CACEE Competencies and COVID-19
COVID-19 has impacted all of our lives. Most of us have been forced out of our routine, be it personal or professional. As with any crisis, while the negative effects are self-evident, we can also find some positive outcomes. We have an opportunity to utilize and develop our competencies in ways that we may not have foreseen even a few months ago. Indeed, I have witnessed some of these competencies in action quite recently in ways that are specifically related to the current situation of physical distancing we all find ourselves in.
Collaboration: As a relatively new member to CACEE, I am still learning about opportunities to share knowledge and just this week I attended my first virtual town hall. While this wasn’t the first virtual town hall to be held by anyone, the fact that these virtual collaboration opportunities are currently being held on a weekly basis is directly related to the impact of COVID-19. This week’s session was a great way for people to ask questions and share their knowledge about a topic many of us are now grappling with: “virtual information sessions”. I believe that virtual collaboration will become more the norm than the exception when we transition back to closer physical social interactions. It removes the limitation for teams, colleagues or people with a common interest to be in the same location to share information in real time. This provides the opportunity for all of us to learn how to collaborate effectively in the virtual world.
Communication: Video chat has become the “current norm” for people to exchange information and ideas. Platforms like, Zoom, Google Hangouts, Microsoft Teams, WebEx, etc. are seeing traffic that they never would have imagined at this point in our digital evolution. We are all taking advantage of them, for personal interaction and for work. It gives us the opportunity to practice sharing ideas, presentations, and other materials in a visual and auditory way as though we were in the same place as our audience or colleagues. Email, the previous communication mode of choice in the workplace, will likely become less prevalent as we shift to communicating in ways that provide more context. Since so many of us are using the same means to communicate, I believe there will be fewer misunderstandings as we all learn to “speak the same language”. Of course, it also means that we need to get better at active listening and presenting our ideas in front of others.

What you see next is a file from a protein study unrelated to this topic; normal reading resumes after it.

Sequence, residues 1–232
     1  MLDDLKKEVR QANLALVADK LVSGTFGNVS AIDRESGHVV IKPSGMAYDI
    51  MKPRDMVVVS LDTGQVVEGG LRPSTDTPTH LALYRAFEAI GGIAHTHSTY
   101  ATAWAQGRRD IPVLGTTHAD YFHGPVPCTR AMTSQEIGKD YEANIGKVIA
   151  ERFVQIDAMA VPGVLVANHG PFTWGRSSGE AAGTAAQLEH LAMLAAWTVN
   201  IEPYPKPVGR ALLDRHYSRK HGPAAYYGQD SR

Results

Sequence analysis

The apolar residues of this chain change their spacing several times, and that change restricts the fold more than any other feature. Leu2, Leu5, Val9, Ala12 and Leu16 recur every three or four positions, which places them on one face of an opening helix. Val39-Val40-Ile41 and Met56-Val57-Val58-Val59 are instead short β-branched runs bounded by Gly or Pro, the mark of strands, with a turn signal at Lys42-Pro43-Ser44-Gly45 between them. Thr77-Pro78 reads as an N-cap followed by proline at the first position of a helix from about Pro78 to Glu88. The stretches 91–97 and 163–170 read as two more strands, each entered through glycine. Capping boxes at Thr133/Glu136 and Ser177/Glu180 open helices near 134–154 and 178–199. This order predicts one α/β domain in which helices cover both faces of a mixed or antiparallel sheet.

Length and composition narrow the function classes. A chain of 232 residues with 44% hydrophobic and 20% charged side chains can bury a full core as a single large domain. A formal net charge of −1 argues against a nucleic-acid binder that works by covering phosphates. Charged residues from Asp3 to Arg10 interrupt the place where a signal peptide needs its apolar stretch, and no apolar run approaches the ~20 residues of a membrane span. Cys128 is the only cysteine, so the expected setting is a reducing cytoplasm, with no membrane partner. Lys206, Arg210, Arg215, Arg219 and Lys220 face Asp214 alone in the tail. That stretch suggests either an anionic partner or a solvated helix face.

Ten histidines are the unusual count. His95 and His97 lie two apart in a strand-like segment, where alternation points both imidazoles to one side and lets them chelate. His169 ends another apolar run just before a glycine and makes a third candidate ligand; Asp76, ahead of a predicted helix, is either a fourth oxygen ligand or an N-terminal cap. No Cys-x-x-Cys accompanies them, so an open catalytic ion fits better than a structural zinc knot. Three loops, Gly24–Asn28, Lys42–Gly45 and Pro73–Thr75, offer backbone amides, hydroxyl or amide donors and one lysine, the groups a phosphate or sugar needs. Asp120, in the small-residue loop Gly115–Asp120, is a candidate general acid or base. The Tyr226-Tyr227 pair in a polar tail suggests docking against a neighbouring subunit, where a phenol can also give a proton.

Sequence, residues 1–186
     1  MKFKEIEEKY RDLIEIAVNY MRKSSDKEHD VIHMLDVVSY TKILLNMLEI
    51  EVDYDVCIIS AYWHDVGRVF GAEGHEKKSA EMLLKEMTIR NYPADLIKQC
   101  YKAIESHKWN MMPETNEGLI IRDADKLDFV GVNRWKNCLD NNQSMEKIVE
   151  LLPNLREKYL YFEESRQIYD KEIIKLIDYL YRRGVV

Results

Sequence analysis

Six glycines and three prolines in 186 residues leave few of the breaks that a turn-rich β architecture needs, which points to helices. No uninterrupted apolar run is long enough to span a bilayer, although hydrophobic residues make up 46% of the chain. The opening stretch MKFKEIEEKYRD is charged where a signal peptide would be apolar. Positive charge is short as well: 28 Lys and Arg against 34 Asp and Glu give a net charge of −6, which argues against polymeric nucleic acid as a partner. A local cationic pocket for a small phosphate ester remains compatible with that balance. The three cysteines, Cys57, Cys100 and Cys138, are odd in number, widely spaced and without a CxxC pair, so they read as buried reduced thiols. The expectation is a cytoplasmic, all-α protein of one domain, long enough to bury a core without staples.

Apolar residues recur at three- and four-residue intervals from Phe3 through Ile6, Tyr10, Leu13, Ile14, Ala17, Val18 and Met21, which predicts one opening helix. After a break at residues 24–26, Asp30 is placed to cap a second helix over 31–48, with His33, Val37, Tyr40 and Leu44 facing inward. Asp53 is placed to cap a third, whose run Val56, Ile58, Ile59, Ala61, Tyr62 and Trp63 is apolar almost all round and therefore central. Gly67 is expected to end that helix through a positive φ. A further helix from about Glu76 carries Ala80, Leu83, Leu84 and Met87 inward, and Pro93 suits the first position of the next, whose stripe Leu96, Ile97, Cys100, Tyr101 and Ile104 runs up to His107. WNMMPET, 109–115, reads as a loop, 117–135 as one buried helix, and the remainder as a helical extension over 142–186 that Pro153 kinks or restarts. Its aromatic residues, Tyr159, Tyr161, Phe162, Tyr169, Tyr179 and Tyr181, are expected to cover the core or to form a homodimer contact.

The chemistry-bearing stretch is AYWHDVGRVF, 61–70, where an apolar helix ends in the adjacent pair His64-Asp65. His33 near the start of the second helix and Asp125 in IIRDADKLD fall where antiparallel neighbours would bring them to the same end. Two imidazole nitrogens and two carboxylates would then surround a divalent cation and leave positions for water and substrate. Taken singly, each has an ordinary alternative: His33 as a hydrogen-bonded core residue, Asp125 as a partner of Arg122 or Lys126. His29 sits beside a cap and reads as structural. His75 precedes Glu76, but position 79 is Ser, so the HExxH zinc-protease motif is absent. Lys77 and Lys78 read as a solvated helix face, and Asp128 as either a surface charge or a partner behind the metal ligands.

Equity, Diversity and Inclusion: As so many of us are working or attending school from home, it is more important than ever to ensure that people have the tools and support they need to be successful. People who have disabilities may have specific requirements, such as assistive technology or ergonomic supports to enable their continued success. As we talk to students and employers, are we checking to see if people have reliable access to the internet where they are? Are meetings being set up to be fully accessible in this virtual world? What other accommodations might people who have disabilities need access to, now that they are working or studying at home? This pandemic gives us the opportunity to increase our awareness and demonstrate leadership and champion this area of competency with a renewed sense of importance.
As you think about these and other competencies, consider what you are learning as you manage in this COVID environment and what you can share with others. Think about the unique opportunities presented by this current situation, and how you can adapt your strengths and competencies within an expanding virtual world. The CACEE Competency Framework can help to guide your professional development during this time.
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Relationship Manager, Canada, Lime Connect